When you walked into the office this morning, what did you notice? Did you observe people passing you by or the expressions on their face? What emotions did you pick up from your observations? What do you sense is going on in their lives? Are they happy, sad or maybe worried?
Our days are very busy – there is no arguing that. However, this busyness can result in us walking around with blinders on. We are focused on what lies ahead and we sometimes forget the real reason any of us are here. We miss out on opportunities to notice that someone is struggling and could use a listening ear or a smile. We don’t realize that someone is lost and could benefit from a moment of our time to help them find where they need to be. Perhaps a co-worker is having an off day, and would benefit from a simple hello or an offer to join you for a cup of coffee.
In a hospital setting, patients are ill and need care. These patients are connected to families that are worried and care about them very deeply. Sometimes the outcome of the patient may be wonderful and miraculous, and other times it is sadness and loss of life. In a business setting, lives may not be at stake, but people may be going through a difficult time with the behavior of their child, reeling from an argument they had with their spouse that morning, wrapped up in worry over the declining health of a parent or grandparent. Not everyone walks in the door with a big smile on their face. Perhaps their fears or deep concerns may come out as a negative attitude or harsh words spoken which are designed to keep others at arm’s length so their private bubble of pain isn’t burst wide open.
Empathy is the ability to understand and share feelings of another. How much empathy do you show throughout the day? Recently, I came across a video that Cleveland Clinic put together. This video not only brought a tear to my eyes, but gave me a great reminder to not take everyone at face value. It reminded me that what seems like a person not paying attention to where they’re walking may very well be a person deeply concerned about an issue in their life. It reminded me how important it is to show a little leniency and kindness every day. Please take a few minutes to watch.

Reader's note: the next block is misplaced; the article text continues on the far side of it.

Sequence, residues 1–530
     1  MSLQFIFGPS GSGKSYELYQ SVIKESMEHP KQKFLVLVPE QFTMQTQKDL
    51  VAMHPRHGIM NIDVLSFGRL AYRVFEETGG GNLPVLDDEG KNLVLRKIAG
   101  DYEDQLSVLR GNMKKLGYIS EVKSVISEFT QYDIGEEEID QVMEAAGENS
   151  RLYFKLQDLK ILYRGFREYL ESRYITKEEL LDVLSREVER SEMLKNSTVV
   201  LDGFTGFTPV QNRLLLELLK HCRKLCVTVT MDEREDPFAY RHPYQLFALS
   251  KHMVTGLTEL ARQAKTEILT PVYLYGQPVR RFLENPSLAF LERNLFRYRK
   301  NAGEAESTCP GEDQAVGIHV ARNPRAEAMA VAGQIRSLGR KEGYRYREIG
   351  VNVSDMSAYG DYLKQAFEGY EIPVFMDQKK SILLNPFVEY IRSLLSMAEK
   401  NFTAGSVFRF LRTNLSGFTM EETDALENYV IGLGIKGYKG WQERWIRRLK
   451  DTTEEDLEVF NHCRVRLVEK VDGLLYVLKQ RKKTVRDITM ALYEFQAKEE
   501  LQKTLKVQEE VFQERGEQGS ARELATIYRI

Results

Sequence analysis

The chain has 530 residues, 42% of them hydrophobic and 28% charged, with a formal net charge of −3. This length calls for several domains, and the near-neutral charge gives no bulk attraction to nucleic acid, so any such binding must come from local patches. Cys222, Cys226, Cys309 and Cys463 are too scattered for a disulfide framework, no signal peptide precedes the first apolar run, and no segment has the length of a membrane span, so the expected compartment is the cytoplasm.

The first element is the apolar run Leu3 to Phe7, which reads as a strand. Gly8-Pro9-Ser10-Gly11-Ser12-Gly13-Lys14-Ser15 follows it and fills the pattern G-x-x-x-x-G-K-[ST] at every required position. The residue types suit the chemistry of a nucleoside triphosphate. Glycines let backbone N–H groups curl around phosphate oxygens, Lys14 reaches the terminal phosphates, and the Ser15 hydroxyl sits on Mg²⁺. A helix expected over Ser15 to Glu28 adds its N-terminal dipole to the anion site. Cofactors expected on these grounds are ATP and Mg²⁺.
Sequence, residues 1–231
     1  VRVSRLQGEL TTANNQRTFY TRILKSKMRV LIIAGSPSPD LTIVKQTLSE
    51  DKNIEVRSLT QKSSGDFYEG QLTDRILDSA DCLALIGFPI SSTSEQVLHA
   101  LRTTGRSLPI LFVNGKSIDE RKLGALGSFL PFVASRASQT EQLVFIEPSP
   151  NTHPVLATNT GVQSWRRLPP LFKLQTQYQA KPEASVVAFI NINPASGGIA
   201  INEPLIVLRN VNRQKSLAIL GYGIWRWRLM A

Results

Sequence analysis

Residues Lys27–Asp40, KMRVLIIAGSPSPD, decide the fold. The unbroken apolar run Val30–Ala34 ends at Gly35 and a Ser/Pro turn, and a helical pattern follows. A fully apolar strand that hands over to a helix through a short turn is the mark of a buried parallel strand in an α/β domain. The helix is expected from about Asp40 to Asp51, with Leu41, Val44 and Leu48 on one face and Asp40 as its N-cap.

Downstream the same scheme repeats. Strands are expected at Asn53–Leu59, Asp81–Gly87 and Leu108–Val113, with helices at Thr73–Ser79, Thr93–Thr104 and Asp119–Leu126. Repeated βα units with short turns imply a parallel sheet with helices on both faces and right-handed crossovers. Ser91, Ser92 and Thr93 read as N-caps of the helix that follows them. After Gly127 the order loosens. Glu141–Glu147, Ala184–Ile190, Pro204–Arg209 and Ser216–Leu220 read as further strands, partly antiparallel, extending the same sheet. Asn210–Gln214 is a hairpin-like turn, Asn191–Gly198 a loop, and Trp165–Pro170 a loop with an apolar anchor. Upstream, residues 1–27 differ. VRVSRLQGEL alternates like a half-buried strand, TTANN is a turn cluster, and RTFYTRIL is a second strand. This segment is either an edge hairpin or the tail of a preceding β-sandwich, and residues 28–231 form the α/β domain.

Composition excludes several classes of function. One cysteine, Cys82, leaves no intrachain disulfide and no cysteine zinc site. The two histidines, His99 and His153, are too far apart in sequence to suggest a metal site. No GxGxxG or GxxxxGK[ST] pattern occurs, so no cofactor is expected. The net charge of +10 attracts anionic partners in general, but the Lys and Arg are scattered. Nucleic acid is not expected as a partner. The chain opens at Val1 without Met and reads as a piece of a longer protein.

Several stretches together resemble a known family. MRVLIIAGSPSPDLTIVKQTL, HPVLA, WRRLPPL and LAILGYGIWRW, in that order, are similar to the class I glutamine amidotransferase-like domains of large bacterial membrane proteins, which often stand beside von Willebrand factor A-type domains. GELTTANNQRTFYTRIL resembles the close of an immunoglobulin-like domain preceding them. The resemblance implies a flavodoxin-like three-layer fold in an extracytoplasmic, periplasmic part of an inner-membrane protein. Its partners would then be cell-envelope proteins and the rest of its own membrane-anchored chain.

If you could stand in someone else’s shoes would you treat them differently? Henry David Thoreau said, “Could a greater miracle take place than for us to look through each other’s eyes for an instant?” As you go through your day, take a moment to look through someone else’s eyes. I would love to hear feedback from you on how these moments have changed your perspective on your daily life, both at work and at home.
Author: Julie Hill
Julie Hill is an executive assistant at Spectrum Health in Grand Rapids, Michigan. Spectrum Health is a non-profit health system based in West Michigan comprised of nine hospitals, 130 ambulatory and service sites, and a health insurance plan. Spectrum Health is the largest employer in West Michigan. She is currently president of the Professional Administrative Support Staff (PASS) group which consists of over 400 members of various support staff positions. Julie will be completing her bachelor’s degree in business administration in the spring of 2014.